The governor of Puerto Rico, Ricardo Rosselló, has resigned after two weeks of massive protests and intergenerational civil unrest. In the absence of a secretary of state, Secretary of Justice Wanda Vázquez will become governor. Rosselló’s resignation is effective as of 5:00 p.m. on August 2.
This self-convened and growing national movement erupted as a result of an intricate corruption scheme and a leaked Telegram chat containing sexist, misogynistic, homophobic and body-shaming language, along with the discussion of public policy among members and non-members of Rosselló’s cabinet.
The leaked Telegram chat was preceded by the federal arrests of high-ranking members of Rosselló’s administration, including the former Secretary of Education, Julia Keleher, on charges which include money laundering, wire fraud and theft, among others.
The 14 consecutive days of demonstrations included daily protests at the governor’s mansion. The protests soon spread to many other municipalities of Puerto Rico. The largest was held on July 22, estimated to have attracted as many as 600,000 people in San Juan alone.
#FunFact of this march in #PuertoRico. It wasn’t scheduled by any organization. It happened organically in social media by #PuertoRicans who wanted to protest against #Rosselló, demanding his resignation. #ParoNacional #News #ParoNacionalPR #RickyRenuncia 🎥:@NoticentroWAPA pic.twitter.com/gpLBXPhbPY
— Cristina Corujo (@cristina_corujo) July 22, 2019
But the activity wasn’t limited to Puerto Rico. Several protests were convened in countries where Puerto Ricans are residents, including Spain, Argentina, Slovenia, France, The Netherlands and the United States.
The protests also included cultural and artistic interventions. Journalist Victoria Leandra created a Twitter thread that highlights some of the creative ways Puerto Ricans found to protest:
👇🏽THREAD: All the original ways in which Puerto Ricans have said #RickyRenuncia
— Victoria Leandra (@leandrareports) July 20, 2019
The police have been accused of using excessive force, violating the police reforms ordered by Federal Courts. It must be said that the protests in Puerto Rico have been exceptionally peaceful, as pointed out by cultural anthropologist and essayist Rima Brusi on Twitter:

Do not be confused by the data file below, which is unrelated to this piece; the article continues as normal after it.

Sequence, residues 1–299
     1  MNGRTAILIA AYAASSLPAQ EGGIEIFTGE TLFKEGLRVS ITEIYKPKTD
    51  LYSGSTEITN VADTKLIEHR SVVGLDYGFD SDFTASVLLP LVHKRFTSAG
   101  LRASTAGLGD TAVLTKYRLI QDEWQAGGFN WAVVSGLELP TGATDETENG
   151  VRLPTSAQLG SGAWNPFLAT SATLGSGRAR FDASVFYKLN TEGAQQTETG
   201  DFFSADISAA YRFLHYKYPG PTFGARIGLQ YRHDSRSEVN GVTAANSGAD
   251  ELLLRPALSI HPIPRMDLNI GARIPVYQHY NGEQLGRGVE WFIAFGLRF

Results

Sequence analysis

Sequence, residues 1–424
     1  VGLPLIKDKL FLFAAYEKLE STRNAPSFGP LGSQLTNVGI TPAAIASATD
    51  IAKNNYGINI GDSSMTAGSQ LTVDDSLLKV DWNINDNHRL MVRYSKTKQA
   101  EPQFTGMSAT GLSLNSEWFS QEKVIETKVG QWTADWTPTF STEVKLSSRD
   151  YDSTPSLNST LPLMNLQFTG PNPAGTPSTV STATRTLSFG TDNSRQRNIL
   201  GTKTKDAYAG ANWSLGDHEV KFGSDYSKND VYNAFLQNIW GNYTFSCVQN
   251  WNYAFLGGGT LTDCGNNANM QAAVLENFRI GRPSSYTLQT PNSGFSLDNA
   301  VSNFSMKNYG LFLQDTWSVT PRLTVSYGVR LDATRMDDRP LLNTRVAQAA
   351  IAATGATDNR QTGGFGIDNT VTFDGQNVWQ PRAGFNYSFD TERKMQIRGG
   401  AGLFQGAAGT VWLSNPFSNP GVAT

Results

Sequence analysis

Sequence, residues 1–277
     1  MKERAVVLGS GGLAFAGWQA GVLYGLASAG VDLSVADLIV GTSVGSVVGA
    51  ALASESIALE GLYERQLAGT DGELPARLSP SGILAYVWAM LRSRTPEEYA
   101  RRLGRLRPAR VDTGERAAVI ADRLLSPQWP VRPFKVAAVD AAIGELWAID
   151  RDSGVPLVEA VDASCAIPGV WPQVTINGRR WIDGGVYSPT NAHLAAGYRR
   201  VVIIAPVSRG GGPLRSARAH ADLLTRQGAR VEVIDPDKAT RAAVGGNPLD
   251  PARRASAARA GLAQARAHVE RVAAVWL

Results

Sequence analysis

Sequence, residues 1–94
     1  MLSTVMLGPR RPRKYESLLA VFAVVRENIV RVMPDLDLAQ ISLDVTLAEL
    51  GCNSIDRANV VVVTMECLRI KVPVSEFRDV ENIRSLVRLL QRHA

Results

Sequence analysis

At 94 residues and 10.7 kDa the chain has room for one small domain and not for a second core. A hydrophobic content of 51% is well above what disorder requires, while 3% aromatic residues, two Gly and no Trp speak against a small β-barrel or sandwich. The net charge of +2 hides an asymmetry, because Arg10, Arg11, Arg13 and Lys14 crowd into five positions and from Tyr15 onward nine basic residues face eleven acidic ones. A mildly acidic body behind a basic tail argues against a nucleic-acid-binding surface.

Declare Your Independence!Profit outside the rigged system! Protect yourself from tyranny and economic collapse. Learn to live free and spread peace!
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500000 marching, and only five arrests, at the very end? I’d say the protesters were not only non-violent- they were remarkably disciplined, creative and restrained. #RickyRenunciaYa pic.twitter.com/T1DyXaJRHQ
— Rima Brusi (@RimaBrusi) July 19, 2019
Protesters also returned the following day to areas where protests were held to help clean up:
Things they won’t show you in the media because they want you to think the worse:
1- people cleaning the damage done last night
2- a united people giving each other a hand pic.twitter.com/Q0hBD7HYCP
— next latina to accept an EGOT 🇵🇷 (@TheJosieMarie) July 16, 2019
But several days before the news broke of Rosselló’s resignation, Xiomara Torres Rivera, a columnist writing for the jounalism project Todas, reminded readers that the real work would start once the governor left office:
Today we are the focus of the world’s attention because we dared to turn words into action, to transform our anger into mobility. To demand [the governor’s] resignation is only the beginning. We have before us a lot of reflecting to do to be able to take other decisions and not look back. To dare to demand the country that we deserve. A citizen audit, a cancellation of the [public] debt, an education with gender perspective, decent healthcare and retirement and a government with individuals who put the needs of the people first.
Global Voices will continue to cover this developing story.
Ángel Carrión — Musician and blogger from Caguas, Puerto Rico. He holds a Bachelor’s Degree in Music from the Puerto Rico Conservatory of Music and a Master’s Degree in the History of Puerto Rico and the Caribbean from the Centro de Estudios Avanzados de Puerto Rico y el Caribe. He is passionate about music, books, and the right to free speech. Once upon a time, Ángel blogged at dialogolibre.blogspot.com.
This article was sourced from GlobalVoices.org
Top image credit: NACLA
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